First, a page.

In their book Metaphors We Live By, George Lakoff and Mark Johnson (1980) put forth the thesis that metaphor is not simply a matter of language, but a matter of thought. They claim that metaphor is rife in normal language and is not simply a matter of occasional poetic expression. Due to this pervasivness, if we assume that language is an indicator of the nature of our conceptual system, then much of our conceptual structure is actually metaphorical in nature.
Lakoff and Johnson give the example metaphor ARGUMENT IS WAR. When we speak normally and literally about arguments, we use the language of war: we take positions to defend; we attack our opponent's position; we either fortify or abandon weak positions; we choose different strategies and lines of attack; we eventually win or lose.
Metaphors are a systematic, partial structuring of one concept (the target) in terms of another (the source). It is a partial structuring since complete equivalency would mean that the two concepts are identical. In the above example, WAR is the source domain. ARGUMENT is the target domain. Elements of the source and target domains can be mapped to each other through the metaphor. For example, here is a partial mapping:
|Source: WAR||Target: ARGUMENT|
|Defend||Provide evidence or reasons to support belief|
|Attack||Reveal weak arguments given by the other arguer|
|Victory/Win||Convincing others of the validity of your belief|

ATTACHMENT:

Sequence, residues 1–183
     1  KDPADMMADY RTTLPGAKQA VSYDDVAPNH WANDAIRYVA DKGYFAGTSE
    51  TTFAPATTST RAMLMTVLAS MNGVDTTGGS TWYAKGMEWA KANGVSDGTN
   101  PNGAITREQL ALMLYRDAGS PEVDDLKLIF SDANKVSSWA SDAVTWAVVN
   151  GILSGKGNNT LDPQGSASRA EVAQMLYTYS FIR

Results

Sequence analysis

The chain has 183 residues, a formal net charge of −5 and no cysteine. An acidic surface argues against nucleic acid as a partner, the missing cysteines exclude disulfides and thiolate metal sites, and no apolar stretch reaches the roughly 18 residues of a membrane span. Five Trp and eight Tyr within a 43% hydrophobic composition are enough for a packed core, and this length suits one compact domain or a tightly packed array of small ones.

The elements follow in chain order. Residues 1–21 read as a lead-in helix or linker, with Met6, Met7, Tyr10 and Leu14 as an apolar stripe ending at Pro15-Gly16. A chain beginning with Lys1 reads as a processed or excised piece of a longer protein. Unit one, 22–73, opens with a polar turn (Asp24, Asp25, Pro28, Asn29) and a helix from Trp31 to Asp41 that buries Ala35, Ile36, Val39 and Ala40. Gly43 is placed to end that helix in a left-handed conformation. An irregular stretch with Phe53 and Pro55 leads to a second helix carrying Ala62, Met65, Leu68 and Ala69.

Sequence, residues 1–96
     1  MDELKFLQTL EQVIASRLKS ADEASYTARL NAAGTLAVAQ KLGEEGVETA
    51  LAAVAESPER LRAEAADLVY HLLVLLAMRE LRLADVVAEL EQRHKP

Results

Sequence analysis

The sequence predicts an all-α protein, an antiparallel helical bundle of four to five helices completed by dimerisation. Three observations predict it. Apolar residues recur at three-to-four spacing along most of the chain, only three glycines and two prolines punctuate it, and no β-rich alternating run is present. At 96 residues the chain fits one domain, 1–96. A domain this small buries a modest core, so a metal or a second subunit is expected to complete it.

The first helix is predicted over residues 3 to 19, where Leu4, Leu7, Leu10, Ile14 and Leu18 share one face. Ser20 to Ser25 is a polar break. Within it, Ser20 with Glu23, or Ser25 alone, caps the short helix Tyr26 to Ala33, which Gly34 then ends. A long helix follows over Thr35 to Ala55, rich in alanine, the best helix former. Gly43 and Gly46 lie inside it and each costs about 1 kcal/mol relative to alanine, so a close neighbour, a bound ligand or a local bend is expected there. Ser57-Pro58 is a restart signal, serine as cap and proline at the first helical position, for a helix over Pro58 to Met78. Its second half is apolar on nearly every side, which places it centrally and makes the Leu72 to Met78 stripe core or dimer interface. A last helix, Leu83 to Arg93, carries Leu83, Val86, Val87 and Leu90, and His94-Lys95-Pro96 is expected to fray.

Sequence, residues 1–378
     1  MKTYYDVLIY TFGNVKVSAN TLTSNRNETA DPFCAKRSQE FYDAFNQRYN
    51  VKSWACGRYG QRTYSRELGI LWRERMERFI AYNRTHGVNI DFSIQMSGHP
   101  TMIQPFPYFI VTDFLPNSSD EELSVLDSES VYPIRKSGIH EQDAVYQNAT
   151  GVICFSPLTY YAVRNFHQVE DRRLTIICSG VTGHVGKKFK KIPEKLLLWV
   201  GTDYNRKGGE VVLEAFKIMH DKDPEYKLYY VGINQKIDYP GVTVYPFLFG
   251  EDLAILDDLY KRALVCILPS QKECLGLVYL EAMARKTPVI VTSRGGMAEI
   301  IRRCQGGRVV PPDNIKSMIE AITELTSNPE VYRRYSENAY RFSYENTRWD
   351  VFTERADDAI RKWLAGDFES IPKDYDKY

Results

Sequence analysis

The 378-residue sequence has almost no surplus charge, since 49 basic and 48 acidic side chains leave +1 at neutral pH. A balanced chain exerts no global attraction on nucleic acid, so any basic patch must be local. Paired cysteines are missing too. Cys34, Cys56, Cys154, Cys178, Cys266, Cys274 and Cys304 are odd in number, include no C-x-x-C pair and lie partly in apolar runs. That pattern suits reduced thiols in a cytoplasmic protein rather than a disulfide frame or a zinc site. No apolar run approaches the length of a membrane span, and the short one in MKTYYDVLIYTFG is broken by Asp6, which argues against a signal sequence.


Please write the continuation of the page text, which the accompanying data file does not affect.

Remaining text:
|Surrender/Lose||Accepting the other arguer's position as the most viable|
When we comprehend one concept in terms of another, the metaphor highlights some aspects, while downplaying or completely hiding others. For instance, when we think of arguments as conflicts, we downplay the cooperative aspects necessary to have any kind of conversation, such as speaking in turn or working together towards a common resolution. We are led to believe it is most desirable to convince our opponents that our view is correct, rather than working together to a common ground.
Lakoff and Johnson explore further the nature of metaphor, such as the different types of metaphor--structural, orientational, and ontological--as well as how our metaphors form a coherent conceptual structure.
I believe that we understand the World Wide Web through a number of conceptual metaphors. Many of these metaphors describe the abstract nature of the Web or its ramifications for society. These include thinking of the Web as a highway, a net, a tidal wave, a library, a communal memory, a marketplace, a village square, an ocean, or an alternate plane of reality (cyberspace). Each of these metaphors highlight some aspect of the web, while downplaying others. See Tomaszewski (2002) for more on these metaphors.
While these "social" metaphors are important, I'm more interested here in what I call "functional" metaphors for the Web. By this, I mean those metaphors that shape our understanding of how to actually use the Web--what links "are", how web pages are related to each other, how we describe out interaction with web sites, etc.